One man and one motor riding together on two wheels and a dream: to become the Hoka Hey Motorcycle Challenge “Ride from the Pacific to the Atlantic” champion.
Stone Ridge resident Dave DuBord, 54, a father of five and owner of Angela’s Pizza in Lake Katrine, will be strapping on the riding chaps to roll across the 48 contiguous states with 700 other riders on his customized Harley-Davidson 2003 100th Anniversary Edition Fatboy.
He and his rivals will be racing for a grand prize of $250,000 and starting the engines to depart Phoenix, Ariz., at exactly 5:43 a.m. on Friday, Aug. 5, with the finish line in Nova Scotia.
The hardcore Hoka Hey motorcycle challenge is an endurance ride only open to Harley riders tough enough to be in the saddle more than 18 hours a day to complete the challenge on time. Last year’s run took participants along a prescribed route of back roads, trekking across mountain ranges, 33 Indian reservations, 25 national forests, eight deserts and six national parks. Routes travel secondary roads with directions revealed at a series of specific checkpoints. The event guidelines prohibit the riders to use GPS units (paper maps only) and speeding infractions and require contenders to sleep outside throughout the entire race. No modifications may be made to the gas tank (must be 6.2 gallons or less) nor are the riders permitted to bring additional fuel cells or cans. The bikes are inspected to ensure there’s working odometers. Special GPS tracking units are outfitted on each bike for the race officials to keep tabs on riders. In the event of any contention among winners, riders may face both a drug test and polygraph.
DuBord is most excited about the fact that the Hoka Hey ride will be filmed for TV. Race organizers signed an agreement with Academy Award nominee David Roma, of Amor Factory, to produce a feature-length documentary on the August 2011 event with the riders. DuBord, a charismatic and playful joke-maker covered in colorful tattoos, skull rings and chunky silver jewelry, feels his personality will be a shoo-in for the show. Roma is responsible for TV shows “Snoop Dogg’s Father Hood,” “Hogan Knows Best,” and the “Miami Ink” franchise that is in its third spin-off. Roma also produced the documentary film “Gasland,” nominated for an Academy Award in 2011.
DuBord, the sergeant-at-arms in the Freedom First service-oriented bike club, has already packed his bags and bike and sent them westward, including among his packs: duct tape, zip ties, two cans of Fix-a-Flat, tire plugs, ropes, road flares and electric cord. “I don’t even know why I brought electrical cord — I don’t even have anything electric on my bike,” DuBord mused.
He admits that he is going balls to the wall for this race and insists that the prize money will unquestionably be his. “I’m going to be in Canada with my passport, my bike and the winning money,” he joked. “There’s no telling if I’m coming back.” DuBord added that in the event he returns, he has plans to sit back in style by returning home in a limo to count his winning money in comfort.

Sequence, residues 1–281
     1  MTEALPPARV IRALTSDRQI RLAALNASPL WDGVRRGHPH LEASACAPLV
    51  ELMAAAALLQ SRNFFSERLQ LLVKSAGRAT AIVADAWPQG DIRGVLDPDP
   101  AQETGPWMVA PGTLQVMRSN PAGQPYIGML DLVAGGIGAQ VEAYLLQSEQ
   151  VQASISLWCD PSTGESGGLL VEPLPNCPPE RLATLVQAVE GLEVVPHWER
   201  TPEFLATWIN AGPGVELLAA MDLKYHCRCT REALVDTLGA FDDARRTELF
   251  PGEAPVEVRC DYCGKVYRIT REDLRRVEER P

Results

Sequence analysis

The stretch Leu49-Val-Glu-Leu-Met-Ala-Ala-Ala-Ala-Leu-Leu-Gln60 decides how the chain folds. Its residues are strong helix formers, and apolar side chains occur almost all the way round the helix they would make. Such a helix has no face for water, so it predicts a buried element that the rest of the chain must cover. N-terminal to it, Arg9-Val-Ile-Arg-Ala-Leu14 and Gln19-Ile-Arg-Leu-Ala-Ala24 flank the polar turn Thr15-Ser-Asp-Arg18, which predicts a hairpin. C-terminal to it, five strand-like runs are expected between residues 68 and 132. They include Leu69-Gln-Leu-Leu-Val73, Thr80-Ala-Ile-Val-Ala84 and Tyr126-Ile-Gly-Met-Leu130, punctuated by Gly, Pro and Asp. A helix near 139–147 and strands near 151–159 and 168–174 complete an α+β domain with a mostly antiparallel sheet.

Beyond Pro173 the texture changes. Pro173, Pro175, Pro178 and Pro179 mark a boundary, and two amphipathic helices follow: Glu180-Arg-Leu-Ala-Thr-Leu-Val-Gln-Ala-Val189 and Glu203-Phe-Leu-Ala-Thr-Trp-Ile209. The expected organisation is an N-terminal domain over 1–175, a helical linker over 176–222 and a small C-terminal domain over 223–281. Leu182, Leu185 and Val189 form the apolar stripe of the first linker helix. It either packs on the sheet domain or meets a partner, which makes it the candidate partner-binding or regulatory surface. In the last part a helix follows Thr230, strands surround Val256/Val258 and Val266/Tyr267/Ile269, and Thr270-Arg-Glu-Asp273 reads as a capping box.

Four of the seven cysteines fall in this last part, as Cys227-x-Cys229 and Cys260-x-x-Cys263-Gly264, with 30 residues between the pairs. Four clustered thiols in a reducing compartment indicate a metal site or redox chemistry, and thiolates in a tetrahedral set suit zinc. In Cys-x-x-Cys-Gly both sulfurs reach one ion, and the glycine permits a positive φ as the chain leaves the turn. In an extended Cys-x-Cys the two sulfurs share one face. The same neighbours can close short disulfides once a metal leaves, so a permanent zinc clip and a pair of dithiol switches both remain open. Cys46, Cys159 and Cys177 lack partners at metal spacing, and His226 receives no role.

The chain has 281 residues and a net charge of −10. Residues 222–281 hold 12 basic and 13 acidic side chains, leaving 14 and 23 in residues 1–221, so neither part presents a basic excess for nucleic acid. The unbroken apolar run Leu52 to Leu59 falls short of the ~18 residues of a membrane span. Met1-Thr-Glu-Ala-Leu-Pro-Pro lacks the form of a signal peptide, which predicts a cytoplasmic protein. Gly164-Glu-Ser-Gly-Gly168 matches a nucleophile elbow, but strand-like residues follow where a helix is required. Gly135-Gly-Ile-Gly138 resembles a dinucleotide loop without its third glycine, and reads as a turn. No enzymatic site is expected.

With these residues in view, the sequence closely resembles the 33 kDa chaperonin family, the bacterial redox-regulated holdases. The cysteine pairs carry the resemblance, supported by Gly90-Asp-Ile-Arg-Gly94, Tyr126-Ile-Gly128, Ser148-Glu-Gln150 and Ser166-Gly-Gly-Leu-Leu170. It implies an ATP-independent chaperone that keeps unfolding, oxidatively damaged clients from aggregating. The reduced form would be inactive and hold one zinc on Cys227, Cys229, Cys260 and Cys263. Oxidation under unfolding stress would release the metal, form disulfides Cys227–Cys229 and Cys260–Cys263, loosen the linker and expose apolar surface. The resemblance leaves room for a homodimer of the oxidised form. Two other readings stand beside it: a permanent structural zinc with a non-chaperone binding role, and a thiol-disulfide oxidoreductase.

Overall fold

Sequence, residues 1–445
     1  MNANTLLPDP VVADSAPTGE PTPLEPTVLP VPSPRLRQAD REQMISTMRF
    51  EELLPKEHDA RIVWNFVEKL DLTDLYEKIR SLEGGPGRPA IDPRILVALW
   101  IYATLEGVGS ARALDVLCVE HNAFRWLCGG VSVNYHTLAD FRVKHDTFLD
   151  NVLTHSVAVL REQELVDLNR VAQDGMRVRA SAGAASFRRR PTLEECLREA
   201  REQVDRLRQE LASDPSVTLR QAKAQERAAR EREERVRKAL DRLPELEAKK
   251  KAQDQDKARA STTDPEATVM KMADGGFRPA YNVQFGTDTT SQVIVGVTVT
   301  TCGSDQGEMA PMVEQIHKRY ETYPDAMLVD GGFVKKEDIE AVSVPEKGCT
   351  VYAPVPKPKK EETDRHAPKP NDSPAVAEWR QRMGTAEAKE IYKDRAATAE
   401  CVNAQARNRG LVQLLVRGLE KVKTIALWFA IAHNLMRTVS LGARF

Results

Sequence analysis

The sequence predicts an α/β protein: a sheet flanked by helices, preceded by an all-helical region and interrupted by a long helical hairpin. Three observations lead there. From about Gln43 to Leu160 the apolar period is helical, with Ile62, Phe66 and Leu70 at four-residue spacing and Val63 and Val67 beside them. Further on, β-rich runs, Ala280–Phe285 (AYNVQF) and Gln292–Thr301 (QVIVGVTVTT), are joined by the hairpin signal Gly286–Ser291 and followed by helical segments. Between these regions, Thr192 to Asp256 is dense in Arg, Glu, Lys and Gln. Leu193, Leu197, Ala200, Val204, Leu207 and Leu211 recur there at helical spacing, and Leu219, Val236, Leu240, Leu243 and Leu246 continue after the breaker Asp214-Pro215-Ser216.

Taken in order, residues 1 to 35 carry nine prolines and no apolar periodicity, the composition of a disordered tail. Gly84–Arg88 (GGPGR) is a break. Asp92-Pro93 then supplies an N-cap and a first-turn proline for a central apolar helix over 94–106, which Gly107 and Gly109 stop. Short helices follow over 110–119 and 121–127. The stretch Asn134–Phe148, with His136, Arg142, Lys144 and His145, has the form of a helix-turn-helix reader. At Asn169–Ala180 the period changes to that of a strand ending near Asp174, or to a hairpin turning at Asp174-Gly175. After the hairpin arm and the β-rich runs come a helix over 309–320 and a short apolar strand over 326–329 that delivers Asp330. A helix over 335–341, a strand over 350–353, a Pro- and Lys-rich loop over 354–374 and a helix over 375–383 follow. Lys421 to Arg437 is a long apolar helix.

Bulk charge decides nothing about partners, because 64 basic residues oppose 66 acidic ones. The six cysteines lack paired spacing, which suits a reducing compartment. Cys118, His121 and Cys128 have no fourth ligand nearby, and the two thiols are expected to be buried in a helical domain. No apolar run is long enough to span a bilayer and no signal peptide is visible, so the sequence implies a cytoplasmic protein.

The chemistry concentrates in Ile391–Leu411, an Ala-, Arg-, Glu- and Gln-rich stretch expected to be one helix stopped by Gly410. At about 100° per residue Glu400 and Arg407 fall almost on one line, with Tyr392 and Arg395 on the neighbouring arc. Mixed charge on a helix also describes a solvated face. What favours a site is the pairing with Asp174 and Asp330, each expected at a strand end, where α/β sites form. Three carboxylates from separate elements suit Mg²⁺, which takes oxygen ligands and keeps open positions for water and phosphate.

DuBord, whose personal theme is Superman — he has a tattoo, cell phone cover, necklace, T-shirts, two logos on his bike and even underwear — has boiled it down to 20 hours of riding a day to make first place. “I am going to cover 1,000 miles a day,” he said. “I will be on all back roads so figure 50 miles per hour by four hours is 200 miles. I’m breaking this trip down into 200-mile increments.”
To shave off unnecessary time-wasters like eating and sleeping, he has packed scores of 5-hour Energy shots, protein bars, beef jerky and tent poles with tarps to shelter him and his bike from the elements while he catches some Z’s between energy drinks. Bathroom breaks won’t be trouble, he added, considering that he will subsist on a “binding” diet and even be using a “Texas catheter” used by many truckers, for his urine.
“I think there’s riders on this trip who think they’re dedicated, but they’re not,” said DuBord, who is in fact so determined to win that five months ago he quit smoking cigarettes cold turkey, after enjoying a 35 year-long habit, and stayed quit. He also sold $100 raffle tickets to friends to raise money toward his trip — entering the race alone cost $1,000. DuBord says that everyone who bought a raffle ticket will be refunded their $100 when he returns with the winnings, and he will pull one person’s ticket with whom to split 10 percent of the winnings.
DuBords’ wife Lori is supportive. “Go for it honey — you got this,” she said to him in a show of support; however, she did ask to take an additional insurance policy on him. “You know how you just know when something’s right?” DuBord questioned. “That’s how I feel about doing this.”
“Dave’s theory is no negative energy,” said longtime friend and riding buddy Bobby VanBoise — “Superior attitude; superior state of mind.”
In the event that the fuzz does get all up in DuBord’s grill, he has some tricks in his saddlebag, among them a PBA card, a photo of his police officer son in uniform and a $100 bill.
What’s DuBord doing with the winnings? Will he be packing the Harley and pointing it to Disney? Investing in the restaurant, said DuBord. “We’re investing it in the house,” said wife Lori.
To track DuBord as he makes his epic journey, visit usfleettracking.com and enter firstname.lastname@example.org using the password 610.